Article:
Over the past decade, Washington D.C. musician Aaron Abernathy has shored up a rock-solid reputation. “He’s unapologetically funky and unapologetically black,” says Foreign Exchange frontman Phonte Coleman, who appears on Abernathy’s new album, Monologue. “He encapsulates what I consider to be a soul singer—something more rooted in feeling than in technique. He’s a great singer, but the feeling elevates things. His harmonies epitomize soul to me.” MC/producer Black Milk, for whom Abernathy is musical director, touts the singer’s ability as a leader and creative visionary. “I’m always in awe of the way that Ab can arrange a live show,” Milk tells us. “I’ve never seen anybody else with this level of talent. He’s a big reason why my show is on [the] level that it is.”
Then there’s keyboardist Lorenzo “Zo!” Ferguson, a fellow Midwest native and D.C. area resident (Abernathy is from Cleveland and stayed in the nation’s capital after graduating from Howard University.) To Ferguson, who is also featured on Monologue, Abernathy’s Midwestern roots make up a great deal of his music. “He is extremely driven. Midwestern brothers are very hungry,” Ferguson says. “A lot of musicians from that region get looked over. We’re very competitive, and we have that blue collar spirit.”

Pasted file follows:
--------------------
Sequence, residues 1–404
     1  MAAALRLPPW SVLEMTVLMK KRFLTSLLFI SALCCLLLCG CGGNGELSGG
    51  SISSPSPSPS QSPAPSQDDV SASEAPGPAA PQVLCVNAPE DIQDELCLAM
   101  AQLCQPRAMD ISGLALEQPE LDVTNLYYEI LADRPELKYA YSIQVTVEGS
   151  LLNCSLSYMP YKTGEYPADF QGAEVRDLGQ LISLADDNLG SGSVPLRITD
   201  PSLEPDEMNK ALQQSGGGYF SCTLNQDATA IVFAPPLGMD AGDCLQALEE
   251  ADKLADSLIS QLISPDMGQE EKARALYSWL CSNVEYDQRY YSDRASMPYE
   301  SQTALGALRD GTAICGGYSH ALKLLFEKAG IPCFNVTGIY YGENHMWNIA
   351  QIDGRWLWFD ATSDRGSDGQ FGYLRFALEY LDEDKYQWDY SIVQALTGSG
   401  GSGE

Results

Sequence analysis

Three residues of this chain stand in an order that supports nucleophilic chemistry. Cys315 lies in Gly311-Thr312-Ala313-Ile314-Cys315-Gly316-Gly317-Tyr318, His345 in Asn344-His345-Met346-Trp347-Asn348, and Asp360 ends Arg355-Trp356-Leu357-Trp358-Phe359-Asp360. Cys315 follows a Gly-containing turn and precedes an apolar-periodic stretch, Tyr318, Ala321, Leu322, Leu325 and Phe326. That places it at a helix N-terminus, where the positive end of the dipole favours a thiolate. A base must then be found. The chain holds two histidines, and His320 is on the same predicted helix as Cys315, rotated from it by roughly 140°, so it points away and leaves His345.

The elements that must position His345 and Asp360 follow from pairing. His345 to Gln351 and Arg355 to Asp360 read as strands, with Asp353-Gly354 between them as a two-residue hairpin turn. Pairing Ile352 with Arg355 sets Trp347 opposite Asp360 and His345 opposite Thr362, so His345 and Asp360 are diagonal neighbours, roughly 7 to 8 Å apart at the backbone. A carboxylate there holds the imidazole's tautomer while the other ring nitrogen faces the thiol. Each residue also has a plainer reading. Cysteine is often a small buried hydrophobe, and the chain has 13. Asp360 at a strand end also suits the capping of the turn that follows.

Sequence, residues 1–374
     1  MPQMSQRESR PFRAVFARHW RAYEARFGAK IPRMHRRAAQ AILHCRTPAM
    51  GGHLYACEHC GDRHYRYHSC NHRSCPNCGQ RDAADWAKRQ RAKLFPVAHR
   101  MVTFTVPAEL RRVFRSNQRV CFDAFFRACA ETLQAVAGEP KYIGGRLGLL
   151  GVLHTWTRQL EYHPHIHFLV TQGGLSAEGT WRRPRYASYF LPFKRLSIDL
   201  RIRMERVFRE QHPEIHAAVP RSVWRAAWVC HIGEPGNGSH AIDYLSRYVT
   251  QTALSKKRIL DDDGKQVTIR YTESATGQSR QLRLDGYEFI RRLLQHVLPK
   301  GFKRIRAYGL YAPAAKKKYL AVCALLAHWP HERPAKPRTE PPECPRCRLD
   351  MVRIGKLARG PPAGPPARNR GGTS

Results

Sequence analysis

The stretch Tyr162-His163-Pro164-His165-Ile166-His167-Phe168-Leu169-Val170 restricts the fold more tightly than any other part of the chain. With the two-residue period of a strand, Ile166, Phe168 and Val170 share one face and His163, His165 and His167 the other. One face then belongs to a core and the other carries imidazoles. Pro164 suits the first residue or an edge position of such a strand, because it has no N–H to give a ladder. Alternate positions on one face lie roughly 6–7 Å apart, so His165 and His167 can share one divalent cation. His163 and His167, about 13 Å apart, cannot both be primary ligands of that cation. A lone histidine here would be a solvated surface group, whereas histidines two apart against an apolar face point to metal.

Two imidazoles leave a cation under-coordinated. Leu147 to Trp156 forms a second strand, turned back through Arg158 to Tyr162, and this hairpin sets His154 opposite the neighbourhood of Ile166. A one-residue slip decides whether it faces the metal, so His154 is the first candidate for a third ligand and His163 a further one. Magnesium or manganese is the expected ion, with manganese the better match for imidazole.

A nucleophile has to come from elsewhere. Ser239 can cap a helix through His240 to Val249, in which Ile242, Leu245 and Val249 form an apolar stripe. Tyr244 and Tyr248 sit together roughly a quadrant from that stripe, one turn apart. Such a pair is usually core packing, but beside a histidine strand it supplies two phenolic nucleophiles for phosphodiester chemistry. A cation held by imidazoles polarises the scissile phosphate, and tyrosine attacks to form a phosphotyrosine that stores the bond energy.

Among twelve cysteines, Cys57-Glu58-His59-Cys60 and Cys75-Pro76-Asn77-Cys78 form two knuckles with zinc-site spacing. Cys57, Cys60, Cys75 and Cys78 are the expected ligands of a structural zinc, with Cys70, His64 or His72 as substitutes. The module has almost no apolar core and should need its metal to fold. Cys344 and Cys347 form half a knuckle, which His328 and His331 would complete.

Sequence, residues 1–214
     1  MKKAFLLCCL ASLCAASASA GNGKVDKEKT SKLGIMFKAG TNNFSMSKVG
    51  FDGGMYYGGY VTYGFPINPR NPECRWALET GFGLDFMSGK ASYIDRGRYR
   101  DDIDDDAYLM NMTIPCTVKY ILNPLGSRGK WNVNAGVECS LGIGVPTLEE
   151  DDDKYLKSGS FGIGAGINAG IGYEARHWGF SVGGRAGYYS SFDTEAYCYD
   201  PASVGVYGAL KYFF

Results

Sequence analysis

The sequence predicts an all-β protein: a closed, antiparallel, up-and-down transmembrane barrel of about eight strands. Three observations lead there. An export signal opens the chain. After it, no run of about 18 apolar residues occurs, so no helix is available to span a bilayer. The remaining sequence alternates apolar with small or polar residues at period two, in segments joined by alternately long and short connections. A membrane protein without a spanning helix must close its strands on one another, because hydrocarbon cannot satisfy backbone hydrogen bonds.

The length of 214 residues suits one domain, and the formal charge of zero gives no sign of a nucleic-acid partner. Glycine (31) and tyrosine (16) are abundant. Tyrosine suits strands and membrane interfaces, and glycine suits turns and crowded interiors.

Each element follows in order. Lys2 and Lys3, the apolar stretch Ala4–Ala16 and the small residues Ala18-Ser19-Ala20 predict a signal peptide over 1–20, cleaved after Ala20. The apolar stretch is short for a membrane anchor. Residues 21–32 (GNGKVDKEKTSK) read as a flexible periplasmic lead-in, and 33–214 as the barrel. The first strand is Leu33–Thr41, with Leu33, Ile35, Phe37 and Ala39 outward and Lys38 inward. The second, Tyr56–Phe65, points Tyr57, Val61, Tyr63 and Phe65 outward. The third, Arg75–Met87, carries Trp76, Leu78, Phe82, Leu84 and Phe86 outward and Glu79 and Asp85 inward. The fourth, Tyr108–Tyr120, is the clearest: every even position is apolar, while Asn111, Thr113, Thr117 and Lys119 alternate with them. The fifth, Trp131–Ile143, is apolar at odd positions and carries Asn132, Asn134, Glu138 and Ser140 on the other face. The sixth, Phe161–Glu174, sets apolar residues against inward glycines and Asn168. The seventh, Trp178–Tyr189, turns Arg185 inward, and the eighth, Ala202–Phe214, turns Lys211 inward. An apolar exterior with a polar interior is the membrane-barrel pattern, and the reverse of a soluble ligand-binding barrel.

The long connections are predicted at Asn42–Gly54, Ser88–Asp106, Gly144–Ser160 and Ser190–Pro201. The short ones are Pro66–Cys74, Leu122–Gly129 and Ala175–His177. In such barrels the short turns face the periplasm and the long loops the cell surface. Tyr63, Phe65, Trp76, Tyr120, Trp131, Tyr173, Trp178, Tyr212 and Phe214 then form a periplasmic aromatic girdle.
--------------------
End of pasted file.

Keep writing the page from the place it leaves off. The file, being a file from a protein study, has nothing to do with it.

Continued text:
We spoke with Abernathy about his long-awaited album, the Abernathy family legacy, and how a Howard University business major ended up working with the likes of the Foreign Exchange and Black Milk.
How have Cleveland and D.C. influenced your musicianship?
I believe that Cleveland is the birthplace of funk. The Ohio Players grew up right down the street. I grew up in that culture. My dad would spin records constantly. The Midwest just has this feeling when it comes to soul and funk music.
D.C is the home of Marvin Gaye, go-go music, and Chuck Brown. When I moved to D.C. in 2001, I just wasn’t into go-go. I didn’t understand. I gradually began to understand that it’s all about the percussion. It’s undeniable. It’s from Africa. It took me a while to recognize how much percussion Marvin Gaye had in his music, but that subsequently influenced a lot of my sound. I grew my ears to more deeply appreciate soul music and its root, the rhythm.
I was part of the music scene in Cleveland but, professionally speaking, I grew up in D.C. at Bohemian Caverns. That’s where it started. I also played heavily, at some other spots that don’t even exist anymore. I first started playing at Howard University when I was an undergraduate, but U Street is where I branched out.
What is Monologue’s central message?